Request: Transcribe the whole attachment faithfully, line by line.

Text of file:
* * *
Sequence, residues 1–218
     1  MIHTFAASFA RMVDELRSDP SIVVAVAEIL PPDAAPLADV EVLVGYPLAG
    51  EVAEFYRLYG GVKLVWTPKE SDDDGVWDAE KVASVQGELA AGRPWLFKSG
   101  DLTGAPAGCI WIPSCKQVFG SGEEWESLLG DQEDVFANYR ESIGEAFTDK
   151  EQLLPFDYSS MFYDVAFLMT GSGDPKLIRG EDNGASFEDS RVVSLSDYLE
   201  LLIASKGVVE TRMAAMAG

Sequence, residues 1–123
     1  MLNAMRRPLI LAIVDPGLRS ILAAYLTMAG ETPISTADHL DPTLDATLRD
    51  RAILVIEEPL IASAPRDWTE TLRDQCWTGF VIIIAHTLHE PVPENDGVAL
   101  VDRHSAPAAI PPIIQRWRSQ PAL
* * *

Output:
Sequence, residues 1–218
     1  MIHTFAASFA RMVDELRSDP SIVVAVAEIL PPDAAPLADV EVLVGYPLAG
    51  EVAEFYRLYG GVKLVWTPKE SDDDGVWDAE KVASVQGELA AGRPWLFKSG
   101  DLTGAPAGCI WIPSCKQVFG SGEEWESLLG DQEDVFANYR ESIGEAFTDK
   151  EQLLPFDYSS MFYDVAFLMT GSGDPKLIRG EDNGASFEDS RVVSLSDYLE
   201  LLIASKGVVE TRMAAMAG

Sequence, residues 1–123
     1  MLNAMRRPLI LAIVDPGLRS ILAAYLTMAG ETPISTADHL DPTLDATLRD
    51  RAILVIEEPL IASAPRDWTE TLRDQCWTGF VIIIAHTLHE PVPENDGVAL
   101  VDRHSAPAAI PPIIQRWRSQ PAL